What Is Bright Light Therapy: Bipolar Disorder

The first time I had heard about light therapy was an article on a sleep website, and it interested me as bright lights are not conducive to my bipolar so much like Sherlock, I went to investigate. Initially, I thought it would be some hi-tech light show to stimulate the brain, but it’s not; it is a pretty low tech way to stimulate your Circadian rhythms.

What on Earth is a Circadian Rhythm?

what is bright light therapy and a picture of sunshine through sunflowers

The Circadian Rhythm (CR) is the natural rhythm life has on earth. We as humans are active during the day and sleep at night during a twenty-four hour period; this is the CR. However, those of us with insomnia or mental health disorders can find our CR out of whack, and this is where light therapy comes in.

Our bodies are designed to be out and about during the day and absorb natural light; the sun stimulates us to be active. This is part of our natural process; however, when our bodies are out of sync, we can often harbour ourselves away indoors or sleep too long or too little. We can end up living in reverse, asleep all day and awake all night.

Many people with mental health issues have problems in this area, and with the majority of people working indoors, our CR can be knocked out of kilter. Also, because of our current circumstances with the pandemic, more and more people have been in lockdown for months on end, and this has, in my opinion, led to bad sleeping patterns.

Light Therapy and Bipolar

Regarding bipolar disorder, when I heard about light therapy, I thought this could trigger a hypomanic episode. After further research, timing is key when using this therapy with those who experience bipolar.

According to Dorothy Sit MD speaking to the PsychCongress:

In our earlier case series report, we implemented the morning light therapy to patients who had bipolar depression were maintained on mood stabilizers. Intriguingly, 3 out of the 4 patients who were first enrolled in this study experienced an induction of hypomania and mixed symptoms rapid‑cycling within days after starting treatment.

As you can see, my self-knowledge about myself was correct; it would trigger a hypomanic state. However, as I continued reading the article, the study showed it can still be of benefit.

Usually, light therapy is a treatment used for seasonal affective depression and insomnia. Normally the therapy is recommended in the morning soon after waking, which I would suggest for those without bipolar.

You can buy light boxes from numerous sources by searching online.

What Is The Best Practice for Bipolar Disorder?

sunlight coming through the trees which is good for depression

The best practice for those with bipolar is to make sure you are stable with your medication first, and once again, I refer to the article by Dorothy Sit, MD:

What we did find in our earlier case series trial is that mid‑day light may produce a promising therapeutic effect for bipolar‑depressed patients. Given the promising findings, we then conducted a randomized controlled trial to confirm the efficacy of adjunctive midday bright light for bipolar depression…After 4 to 6 weeks, we discovered that 67% of patients given bright light therapy experienced a full response and remission compared to only 33% who were randomized to the placebo comparator.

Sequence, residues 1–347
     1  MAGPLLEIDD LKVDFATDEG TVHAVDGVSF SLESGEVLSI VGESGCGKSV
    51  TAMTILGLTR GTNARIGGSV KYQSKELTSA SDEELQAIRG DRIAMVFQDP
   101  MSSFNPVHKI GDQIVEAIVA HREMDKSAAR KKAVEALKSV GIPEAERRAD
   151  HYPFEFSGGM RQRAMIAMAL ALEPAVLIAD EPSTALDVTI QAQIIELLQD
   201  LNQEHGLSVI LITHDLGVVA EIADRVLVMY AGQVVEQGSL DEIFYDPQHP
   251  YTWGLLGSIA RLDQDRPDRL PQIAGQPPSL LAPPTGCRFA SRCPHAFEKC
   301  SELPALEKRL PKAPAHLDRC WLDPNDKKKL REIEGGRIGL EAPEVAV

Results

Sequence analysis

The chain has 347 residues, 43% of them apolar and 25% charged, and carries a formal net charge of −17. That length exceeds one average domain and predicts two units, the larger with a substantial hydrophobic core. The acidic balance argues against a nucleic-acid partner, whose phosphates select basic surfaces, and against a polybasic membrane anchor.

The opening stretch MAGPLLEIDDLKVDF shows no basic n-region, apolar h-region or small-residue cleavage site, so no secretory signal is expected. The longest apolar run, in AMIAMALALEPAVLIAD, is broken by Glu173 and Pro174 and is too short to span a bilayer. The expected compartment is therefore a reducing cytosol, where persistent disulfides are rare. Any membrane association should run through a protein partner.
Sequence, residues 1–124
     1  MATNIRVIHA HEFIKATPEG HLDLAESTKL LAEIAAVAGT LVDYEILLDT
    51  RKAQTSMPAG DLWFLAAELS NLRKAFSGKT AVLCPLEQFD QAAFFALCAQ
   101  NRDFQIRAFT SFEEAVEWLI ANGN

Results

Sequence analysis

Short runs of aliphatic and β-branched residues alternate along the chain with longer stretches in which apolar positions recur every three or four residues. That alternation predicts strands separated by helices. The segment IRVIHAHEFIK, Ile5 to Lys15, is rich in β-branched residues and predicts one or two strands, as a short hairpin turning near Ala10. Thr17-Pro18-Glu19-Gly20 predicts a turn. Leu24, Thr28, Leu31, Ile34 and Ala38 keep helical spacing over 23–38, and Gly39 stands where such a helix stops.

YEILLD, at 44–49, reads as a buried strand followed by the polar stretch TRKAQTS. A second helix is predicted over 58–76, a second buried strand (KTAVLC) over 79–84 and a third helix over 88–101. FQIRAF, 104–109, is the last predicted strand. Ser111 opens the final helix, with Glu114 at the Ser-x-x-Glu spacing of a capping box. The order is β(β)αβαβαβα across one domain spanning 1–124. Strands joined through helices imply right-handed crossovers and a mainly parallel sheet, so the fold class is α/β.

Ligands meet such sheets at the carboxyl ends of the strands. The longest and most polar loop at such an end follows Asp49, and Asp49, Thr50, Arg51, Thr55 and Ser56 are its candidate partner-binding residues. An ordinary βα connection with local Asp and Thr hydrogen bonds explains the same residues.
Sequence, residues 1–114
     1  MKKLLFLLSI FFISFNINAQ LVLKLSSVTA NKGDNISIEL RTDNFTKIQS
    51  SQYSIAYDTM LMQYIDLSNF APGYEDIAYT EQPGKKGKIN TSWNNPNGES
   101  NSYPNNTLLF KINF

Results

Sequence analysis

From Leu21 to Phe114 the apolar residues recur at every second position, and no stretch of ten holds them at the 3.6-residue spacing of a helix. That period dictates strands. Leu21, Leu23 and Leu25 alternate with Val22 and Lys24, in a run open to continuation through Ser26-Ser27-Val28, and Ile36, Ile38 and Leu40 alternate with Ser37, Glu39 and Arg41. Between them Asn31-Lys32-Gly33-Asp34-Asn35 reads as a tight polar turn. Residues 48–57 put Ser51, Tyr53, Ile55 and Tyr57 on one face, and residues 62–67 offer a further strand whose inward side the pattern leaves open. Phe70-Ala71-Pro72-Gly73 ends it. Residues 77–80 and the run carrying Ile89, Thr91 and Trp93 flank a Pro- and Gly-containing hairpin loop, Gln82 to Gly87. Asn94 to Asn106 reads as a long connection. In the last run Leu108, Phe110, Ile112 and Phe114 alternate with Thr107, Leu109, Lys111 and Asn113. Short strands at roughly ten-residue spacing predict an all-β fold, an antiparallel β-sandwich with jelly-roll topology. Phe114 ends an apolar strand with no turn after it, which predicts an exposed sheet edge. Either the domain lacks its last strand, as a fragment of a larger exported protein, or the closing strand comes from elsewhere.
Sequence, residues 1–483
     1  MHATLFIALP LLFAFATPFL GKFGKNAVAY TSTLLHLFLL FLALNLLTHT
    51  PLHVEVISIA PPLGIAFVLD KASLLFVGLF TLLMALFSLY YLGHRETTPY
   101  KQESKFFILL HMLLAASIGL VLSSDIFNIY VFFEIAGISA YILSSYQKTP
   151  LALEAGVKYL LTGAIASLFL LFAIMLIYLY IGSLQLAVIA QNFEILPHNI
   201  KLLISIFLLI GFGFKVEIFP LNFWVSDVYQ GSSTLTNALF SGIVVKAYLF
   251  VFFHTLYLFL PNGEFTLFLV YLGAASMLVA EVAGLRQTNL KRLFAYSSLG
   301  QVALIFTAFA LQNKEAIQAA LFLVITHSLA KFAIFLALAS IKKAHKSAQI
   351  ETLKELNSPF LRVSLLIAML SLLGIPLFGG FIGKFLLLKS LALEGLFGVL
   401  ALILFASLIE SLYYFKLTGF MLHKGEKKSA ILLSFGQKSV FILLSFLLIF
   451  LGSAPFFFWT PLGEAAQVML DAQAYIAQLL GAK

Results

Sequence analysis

This, to me, looks promising for my insomnia. However, I am not stable on my medication as yet. So I cannot undertake light therapy. This got me thinking, what can I do in the meantime to make sure my Circadian Rhythm is working as it should, and I came up with the following based on my research:

  • Spend middays outside, even if it is a lunch break, sit and eat food outdoors if the weather is nice.
  • Put a red light filter on all devices, which I do anyway.
  • Eat only when you are hungry for working with the Circadian Rhythm.
  • Work closely with your psychiatrist to stabilise your mood.
  • Use a meditation immersive treatment for help with relaxing before sleep.
  • Avoid caffeine and alcohol; only drink camomile tea after 4 pm.
  • Get up at the same time every day, regardless of the amount of sleep you have had.
  • Work out a routine.
  • Those who experience hypomania regularly or rapid cycling should avoid light therapy.

In Conclusion

Light therapy can help those with depression; however, it is trickier with those who suffer from bipolar depression, but the research does suggest that balancing our CR with light therapy could be productive, providing we are stable on our medication.


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Lou Farrell

Hi and welcome to Mentriz, where all manner of mental health issues are discussed, from anxiety to bipolar disorder. You can find what you are looking for by using the search function at the top of the screen. All articles are for information purposes and do not replace the advice of a doctor. I hope you find the website helpful and if you have a suggestion, please contact me.

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